Recently a remarkable role of A. gambiae AgHPX15 gene is also reported in a study. Here this research group demonstrated that AgHPX15 induction in spermathica is regulated by sexually transferred 20-hydroxyecdysone (20E), which is essential to preserve the functionality of stored sperm and long-term fertility [43]. Thus, targeting AgHPX15 will disrupt the reproductive cycle and numbers of mosquitoes in the field. These findings indicate that blocking the function of HPX15 will be beneficial in many ways and can be easily achieved as reported previously for other mosquito targets [44,45]. In these studies, a midgut-specific monoclonal antibody demonstrated a dose-dependent blocking effect against P. yoelii development in A. stephensi. Thus, we propose that the evolutionary conserved HPX15 protein in several anopheline mosquitoes can also be targeted in a similar way and may certify this molecule as a unique candidate to block mosquito cycle of Plasmodium development.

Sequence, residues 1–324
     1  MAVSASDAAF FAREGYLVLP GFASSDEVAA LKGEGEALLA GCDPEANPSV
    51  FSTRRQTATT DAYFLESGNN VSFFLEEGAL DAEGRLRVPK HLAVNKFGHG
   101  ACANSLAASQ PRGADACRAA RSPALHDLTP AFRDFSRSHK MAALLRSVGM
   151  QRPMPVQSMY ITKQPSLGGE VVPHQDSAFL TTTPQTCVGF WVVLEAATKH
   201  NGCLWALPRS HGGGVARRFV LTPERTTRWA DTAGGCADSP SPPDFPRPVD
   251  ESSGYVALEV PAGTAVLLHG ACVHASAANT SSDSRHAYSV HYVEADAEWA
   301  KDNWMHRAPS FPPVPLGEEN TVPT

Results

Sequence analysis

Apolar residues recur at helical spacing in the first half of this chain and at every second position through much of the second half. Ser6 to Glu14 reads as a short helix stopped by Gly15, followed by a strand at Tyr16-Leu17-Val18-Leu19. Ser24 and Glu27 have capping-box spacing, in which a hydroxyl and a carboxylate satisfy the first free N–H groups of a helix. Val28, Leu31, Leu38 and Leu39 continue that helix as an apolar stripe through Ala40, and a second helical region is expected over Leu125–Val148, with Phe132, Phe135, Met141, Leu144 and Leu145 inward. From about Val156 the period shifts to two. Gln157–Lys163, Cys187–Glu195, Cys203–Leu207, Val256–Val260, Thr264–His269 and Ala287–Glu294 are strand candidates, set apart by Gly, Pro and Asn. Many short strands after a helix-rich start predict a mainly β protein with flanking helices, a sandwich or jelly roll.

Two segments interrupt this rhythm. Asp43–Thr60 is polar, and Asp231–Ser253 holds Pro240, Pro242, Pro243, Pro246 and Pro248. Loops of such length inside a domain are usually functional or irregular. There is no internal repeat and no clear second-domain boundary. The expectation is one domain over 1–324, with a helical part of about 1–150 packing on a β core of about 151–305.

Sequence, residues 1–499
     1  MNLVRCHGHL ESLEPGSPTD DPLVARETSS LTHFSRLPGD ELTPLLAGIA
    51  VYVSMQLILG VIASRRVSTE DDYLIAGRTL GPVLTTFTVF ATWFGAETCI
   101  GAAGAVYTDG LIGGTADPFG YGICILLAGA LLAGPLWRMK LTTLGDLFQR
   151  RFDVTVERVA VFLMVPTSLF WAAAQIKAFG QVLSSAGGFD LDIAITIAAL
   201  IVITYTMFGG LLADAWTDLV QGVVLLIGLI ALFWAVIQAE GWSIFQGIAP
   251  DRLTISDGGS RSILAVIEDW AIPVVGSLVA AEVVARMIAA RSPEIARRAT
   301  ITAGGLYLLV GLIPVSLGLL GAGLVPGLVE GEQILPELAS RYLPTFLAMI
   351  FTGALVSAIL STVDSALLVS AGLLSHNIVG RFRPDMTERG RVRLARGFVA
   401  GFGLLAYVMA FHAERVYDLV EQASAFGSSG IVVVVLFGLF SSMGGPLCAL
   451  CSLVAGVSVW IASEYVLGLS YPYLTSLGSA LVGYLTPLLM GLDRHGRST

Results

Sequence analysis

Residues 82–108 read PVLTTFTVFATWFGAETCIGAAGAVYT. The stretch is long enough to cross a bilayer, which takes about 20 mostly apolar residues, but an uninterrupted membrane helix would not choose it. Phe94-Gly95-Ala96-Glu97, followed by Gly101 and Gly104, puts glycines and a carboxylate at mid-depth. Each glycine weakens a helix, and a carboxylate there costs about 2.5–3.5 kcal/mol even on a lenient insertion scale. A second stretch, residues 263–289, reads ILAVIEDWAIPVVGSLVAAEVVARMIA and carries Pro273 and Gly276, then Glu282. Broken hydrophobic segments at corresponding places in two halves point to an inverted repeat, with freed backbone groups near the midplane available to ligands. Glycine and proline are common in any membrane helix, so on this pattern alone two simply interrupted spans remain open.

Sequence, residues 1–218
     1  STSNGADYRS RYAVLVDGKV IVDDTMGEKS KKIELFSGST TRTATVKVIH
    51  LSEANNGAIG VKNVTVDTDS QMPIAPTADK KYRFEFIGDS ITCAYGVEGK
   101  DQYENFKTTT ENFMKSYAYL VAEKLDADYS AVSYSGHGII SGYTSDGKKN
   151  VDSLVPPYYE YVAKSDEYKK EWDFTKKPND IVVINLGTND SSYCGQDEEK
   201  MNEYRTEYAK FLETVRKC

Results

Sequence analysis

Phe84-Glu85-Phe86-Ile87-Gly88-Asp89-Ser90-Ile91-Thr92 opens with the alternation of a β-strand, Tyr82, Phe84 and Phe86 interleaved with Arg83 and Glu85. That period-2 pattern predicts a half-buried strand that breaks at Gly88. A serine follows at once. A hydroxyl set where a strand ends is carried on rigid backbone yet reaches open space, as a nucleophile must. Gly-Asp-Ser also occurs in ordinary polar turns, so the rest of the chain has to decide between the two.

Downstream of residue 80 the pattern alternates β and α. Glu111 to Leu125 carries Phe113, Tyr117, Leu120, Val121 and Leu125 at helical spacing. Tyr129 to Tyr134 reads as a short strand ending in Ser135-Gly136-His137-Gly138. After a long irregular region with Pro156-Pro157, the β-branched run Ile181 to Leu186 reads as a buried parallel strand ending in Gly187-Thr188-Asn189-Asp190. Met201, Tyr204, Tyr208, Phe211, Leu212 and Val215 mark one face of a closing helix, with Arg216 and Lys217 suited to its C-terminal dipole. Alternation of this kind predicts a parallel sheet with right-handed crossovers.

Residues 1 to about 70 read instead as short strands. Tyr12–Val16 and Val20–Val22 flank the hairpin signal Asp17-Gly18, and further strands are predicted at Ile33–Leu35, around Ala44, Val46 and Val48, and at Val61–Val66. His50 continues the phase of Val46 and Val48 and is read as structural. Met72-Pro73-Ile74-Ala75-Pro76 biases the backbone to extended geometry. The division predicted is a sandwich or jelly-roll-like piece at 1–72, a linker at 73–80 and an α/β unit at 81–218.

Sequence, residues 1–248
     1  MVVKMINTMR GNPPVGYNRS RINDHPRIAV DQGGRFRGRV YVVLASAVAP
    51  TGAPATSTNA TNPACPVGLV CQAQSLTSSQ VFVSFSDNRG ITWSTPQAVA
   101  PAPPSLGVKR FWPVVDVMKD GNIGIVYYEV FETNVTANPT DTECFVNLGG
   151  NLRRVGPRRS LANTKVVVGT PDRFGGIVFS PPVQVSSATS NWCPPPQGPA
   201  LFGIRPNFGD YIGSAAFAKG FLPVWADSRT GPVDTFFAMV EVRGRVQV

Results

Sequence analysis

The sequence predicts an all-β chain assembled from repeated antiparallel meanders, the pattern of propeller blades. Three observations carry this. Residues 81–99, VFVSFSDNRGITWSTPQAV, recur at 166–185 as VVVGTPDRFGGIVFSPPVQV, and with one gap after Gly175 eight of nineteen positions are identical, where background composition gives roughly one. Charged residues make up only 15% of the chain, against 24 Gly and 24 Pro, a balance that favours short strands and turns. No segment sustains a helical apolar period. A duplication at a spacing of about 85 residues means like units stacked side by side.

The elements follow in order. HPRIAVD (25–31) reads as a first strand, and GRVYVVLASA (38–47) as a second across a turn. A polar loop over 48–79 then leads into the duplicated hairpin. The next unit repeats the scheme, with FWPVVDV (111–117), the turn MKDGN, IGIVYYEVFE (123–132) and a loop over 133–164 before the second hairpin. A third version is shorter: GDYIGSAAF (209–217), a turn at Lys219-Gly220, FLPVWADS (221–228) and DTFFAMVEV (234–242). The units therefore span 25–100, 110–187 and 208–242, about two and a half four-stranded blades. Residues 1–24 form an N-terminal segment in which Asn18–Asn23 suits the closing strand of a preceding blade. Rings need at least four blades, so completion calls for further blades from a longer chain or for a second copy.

Conclusion
A lineage-specific heme peroxidase HPX15 is present in several globally distributed species of Anopheles mosquito. The highly conserved nature of HPX15 reveals that this molecule can be a potent target for blocking Plasmodium development. These findings may be a great help to fight against malaria, one of the world’s deadliest diseases.
Acknowledgement
The authors wish to thank the laboratory staff for maintaining the insectory and central animal facilities (CAF) for providing all the supports. Special thanks to Divya Vaswani for providing critical comments. MK and KG are recipients of Basic Science Research (BSR) fellowship from the University Grants Commission (UGC), India. This work was supported by grants from the Department of Science and Technology (DST), Government of India (grant number SR/SO/HS-0131/2010).